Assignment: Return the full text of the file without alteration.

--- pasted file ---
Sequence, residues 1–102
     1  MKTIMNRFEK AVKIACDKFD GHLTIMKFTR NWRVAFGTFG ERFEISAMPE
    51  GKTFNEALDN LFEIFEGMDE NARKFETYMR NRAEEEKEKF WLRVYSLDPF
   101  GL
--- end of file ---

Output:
Sequence, residues 1–102
     1  MKTIMNRFEK AVKIACDKFD GHLTIMKFTR NWRVAFGTFG ERFEISAMPE
    51  GKTFNEALDN LFEIFEGMDE NARKFETYMR NRAEEEKEKF WLRVYSLDPF
   101  GL